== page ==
Trump has dissolved the solidarity among TPP member states almost overnight. Yet the deal itself remains. The massive 30-chapter document does not contain a provision for a participating country to leave the pact before the TPP takes effect. So while Trump has made his unilateral decision to withdraw, the U.S.’s exit is not necessarily valid based on the rules of the TPP. This means there is the possibility that in four years, if Trump is replaced by a new president who proceeds to ratify the pact, the TPP will finally come into force.

On the other hand, the TPP contains no provision for admitting new members before the pact has become effective. So while Australia may want China to join, it is not clear what procedures that would require. Changing the members of the TPP would thus likely require the creation of a new trade pact based on the text of the current deal. And because such a change would affect the balance of power, many experts think that simply swapping one country for another will not work.

What now?

The most likely scenario now is that the rules of the RCEP, the region’s most expansive trade pact, will become the standard for trade in Asia.

Some members of the Association of Southeast Asian Nations are calling for the RCEP to be concluded by the end of this year, which marks the 50th anniversary of the establishment of ASEAN. As ASEAN nations account for 10 of the 16 countries participating in the RCEP negotiations, their push makes such a time frame increasingly likely.

Tariff elimination and deregulation under the RCEP are expected to be less drastic than under the TPP, a point that likely appeals to countries such as India that are unwilling to rapidly liberalize their markets. Even so, the China-led pact, whose members account for half of the world’s population, should be highly effective in invigorating regional trade.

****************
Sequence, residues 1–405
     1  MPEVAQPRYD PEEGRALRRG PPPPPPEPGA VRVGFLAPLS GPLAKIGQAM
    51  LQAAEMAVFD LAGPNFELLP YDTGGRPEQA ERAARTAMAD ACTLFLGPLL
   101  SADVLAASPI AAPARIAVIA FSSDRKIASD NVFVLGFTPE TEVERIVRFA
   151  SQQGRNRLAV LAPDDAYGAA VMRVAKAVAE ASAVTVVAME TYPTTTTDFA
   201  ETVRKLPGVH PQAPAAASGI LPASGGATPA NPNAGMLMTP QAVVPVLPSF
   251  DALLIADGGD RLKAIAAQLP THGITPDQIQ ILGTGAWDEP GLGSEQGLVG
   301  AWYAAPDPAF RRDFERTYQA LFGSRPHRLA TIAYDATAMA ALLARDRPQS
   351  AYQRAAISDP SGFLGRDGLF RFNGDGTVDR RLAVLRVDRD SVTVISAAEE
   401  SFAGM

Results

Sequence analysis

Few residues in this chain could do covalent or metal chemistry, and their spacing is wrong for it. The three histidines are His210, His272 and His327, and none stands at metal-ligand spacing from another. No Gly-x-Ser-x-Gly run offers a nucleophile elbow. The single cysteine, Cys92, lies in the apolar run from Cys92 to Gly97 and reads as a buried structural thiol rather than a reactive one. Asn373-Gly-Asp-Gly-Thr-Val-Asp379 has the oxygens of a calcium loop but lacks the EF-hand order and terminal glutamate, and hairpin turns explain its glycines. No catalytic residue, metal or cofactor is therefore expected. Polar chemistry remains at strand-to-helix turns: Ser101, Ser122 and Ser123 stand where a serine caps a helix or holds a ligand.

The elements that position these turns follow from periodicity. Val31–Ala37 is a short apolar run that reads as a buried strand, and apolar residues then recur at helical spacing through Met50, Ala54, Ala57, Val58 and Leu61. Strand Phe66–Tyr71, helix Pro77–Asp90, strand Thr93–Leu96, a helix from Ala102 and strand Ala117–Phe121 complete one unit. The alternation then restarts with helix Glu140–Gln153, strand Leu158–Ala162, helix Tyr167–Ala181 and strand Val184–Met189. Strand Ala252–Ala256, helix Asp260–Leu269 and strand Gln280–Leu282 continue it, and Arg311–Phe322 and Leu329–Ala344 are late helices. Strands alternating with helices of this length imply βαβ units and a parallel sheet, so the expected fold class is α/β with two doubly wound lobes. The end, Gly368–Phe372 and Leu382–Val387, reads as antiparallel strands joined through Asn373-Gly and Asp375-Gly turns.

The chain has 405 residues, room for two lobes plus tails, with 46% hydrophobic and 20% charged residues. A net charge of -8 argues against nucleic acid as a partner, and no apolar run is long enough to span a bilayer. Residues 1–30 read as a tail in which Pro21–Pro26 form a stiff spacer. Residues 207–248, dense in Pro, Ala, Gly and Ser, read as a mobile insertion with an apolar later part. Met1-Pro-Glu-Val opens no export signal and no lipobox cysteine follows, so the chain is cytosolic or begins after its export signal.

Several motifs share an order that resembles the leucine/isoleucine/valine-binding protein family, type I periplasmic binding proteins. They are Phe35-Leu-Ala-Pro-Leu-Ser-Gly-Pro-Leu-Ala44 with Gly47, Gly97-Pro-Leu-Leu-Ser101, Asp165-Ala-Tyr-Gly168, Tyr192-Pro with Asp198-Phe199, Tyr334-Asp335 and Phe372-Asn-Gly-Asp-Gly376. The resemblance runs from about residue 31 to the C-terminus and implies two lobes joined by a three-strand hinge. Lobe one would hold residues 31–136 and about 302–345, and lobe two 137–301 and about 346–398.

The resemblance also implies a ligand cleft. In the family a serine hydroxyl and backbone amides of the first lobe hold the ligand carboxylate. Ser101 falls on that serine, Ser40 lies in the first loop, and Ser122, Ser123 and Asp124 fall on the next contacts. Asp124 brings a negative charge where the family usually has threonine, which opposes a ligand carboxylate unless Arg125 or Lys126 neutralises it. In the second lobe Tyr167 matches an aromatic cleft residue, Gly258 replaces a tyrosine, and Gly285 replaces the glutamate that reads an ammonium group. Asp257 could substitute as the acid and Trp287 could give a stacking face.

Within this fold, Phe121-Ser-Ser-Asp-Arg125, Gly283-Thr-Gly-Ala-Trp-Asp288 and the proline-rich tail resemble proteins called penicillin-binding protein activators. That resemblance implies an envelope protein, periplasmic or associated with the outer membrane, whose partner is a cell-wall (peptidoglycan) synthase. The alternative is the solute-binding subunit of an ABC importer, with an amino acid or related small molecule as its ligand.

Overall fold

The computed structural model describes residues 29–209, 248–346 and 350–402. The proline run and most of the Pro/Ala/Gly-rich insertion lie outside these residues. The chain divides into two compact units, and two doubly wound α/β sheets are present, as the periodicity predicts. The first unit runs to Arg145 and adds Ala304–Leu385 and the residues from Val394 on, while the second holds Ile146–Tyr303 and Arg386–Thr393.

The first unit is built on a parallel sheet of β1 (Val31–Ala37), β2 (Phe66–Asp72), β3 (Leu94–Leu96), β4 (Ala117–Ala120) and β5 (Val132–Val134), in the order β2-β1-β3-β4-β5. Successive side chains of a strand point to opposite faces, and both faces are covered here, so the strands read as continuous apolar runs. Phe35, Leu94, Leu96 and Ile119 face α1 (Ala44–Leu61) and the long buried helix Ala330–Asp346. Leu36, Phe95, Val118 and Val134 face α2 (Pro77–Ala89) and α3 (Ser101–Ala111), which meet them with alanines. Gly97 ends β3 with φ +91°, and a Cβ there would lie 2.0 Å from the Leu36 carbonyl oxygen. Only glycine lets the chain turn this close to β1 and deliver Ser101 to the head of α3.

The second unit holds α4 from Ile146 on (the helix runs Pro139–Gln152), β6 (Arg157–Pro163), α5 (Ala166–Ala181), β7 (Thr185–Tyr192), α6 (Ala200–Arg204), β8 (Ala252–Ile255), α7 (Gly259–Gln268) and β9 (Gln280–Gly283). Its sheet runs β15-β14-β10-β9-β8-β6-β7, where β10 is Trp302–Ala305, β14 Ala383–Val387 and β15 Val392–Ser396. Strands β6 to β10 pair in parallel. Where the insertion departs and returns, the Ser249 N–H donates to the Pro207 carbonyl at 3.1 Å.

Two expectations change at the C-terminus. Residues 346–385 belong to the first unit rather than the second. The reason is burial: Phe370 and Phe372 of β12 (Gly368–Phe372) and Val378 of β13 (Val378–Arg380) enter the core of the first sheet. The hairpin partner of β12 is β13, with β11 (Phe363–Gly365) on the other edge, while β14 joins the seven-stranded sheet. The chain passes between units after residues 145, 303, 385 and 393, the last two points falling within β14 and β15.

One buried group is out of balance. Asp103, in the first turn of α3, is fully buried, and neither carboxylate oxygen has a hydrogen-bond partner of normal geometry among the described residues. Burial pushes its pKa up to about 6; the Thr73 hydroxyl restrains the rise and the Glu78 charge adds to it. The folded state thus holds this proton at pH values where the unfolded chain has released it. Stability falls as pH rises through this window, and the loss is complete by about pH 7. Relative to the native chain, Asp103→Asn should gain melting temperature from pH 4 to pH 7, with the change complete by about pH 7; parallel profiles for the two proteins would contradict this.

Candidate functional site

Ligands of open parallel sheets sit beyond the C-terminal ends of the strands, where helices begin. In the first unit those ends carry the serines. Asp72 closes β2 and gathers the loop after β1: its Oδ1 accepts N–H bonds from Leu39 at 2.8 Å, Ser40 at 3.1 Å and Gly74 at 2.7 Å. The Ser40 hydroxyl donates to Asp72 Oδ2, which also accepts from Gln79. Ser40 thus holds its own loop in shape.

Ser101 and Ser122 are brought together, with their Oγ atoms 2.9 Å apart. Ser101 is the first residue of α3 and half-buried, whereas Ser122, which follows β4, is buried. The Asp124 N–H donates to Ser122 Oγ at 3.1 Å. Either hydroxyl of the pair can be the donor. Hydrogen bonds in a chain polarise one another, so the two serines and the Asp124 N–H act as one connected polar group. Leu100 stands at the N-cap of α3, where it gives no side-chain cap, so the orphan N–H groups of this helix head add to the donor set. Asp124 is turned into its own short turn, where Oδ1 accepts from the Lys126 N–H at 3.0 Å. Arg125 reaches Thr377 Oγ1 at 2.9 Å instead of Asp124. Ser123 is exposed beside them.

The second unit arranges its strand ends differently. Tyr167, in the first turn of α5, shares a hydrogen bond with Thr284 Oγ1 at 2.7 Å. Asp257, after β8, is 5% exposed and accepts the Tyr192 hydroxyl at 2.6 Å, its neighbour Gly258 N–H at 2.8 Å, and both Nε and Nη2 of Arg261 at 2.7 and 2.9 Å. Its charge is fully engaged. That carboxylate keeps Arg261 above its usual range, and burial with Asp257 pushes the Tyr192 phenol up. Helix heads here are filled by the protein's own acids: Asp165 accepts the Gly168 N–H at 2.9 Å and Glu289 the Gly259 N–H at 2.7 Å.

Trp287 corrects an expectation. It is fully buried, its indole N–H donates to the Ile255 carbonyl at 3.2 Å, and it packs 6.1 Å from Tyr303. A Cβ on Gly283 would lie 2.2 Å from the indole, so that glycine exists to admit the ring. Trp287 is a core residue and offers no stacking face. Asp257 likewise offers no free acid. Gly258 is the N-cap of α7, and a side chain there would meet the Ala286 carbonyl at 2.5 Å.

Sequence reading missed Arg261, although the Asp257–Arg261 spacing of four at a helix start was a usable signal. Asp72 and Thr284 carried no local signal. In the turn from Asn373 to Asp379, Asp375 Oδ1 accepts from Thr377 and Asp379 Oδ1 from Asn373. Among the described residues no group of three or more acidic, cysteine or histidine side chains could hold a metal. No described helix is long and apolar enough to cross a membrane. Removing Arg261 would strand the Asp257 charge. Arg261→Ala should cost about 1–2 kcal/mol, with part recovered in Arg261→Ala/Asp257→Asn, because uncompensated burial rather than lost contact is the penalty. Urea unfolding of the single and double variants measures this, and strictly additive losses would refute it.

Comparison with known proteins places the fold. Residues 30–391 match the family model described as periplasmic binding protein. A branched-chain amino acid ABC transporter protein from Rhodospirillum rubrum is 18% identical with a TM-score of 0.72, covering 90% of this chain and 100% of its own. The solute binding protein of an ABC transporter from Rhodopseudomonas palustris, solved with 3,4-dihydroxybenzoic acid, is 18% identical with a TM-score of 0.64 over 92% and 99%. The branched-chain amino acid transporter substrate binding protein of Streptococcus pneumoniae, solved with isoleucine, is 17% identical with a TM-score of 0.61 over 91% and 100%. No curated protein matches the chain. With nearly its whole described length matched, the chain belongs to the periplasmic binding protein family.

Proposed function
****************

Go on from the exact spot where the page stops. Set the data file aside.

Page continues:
Seven of the 12 TPP members are also participating in RCEP negotiations. As such, the RCEP somewhat resembles Australia’s proposed TPP, in which China replaces the U.S.

Another scenario is simply the end of the era of multilateral trade pacts and a return to bilateral free trade agreements. A large number of bilateral FTAs have already been concluded, and going forward, new ones will likely be ambitious deals aiming for the same level of liberalization as under the TPP. Signing many such FTAs would give a country a serious growth boost. Conversely, countries like Japan that balk at opening up certain sectors could suffer if they lag behind in sealing these kinds of deals.

With the end of the U.S.-led trade order in Asia, challenges such as tighter regulations for state-run companies and the promotion of e-commerce will likely be put on the back burner as China’s influence grows.

But it is far from certain that such a development would favor the Chinese economy. Yorizumi Watanabe, a professor at Keio University, noted that advocates of a regional economic partnership in China will lose some steam now that the TPP has collapsed and there is no pressure to produce its own competing deal.

The Chinese and ASEAN economies are losing steam. For them, free trade pacts can act as a lever to raise growth. If the momentum for inking these deals disappears, it will slowly but surely tell on the Asian economy as a whole.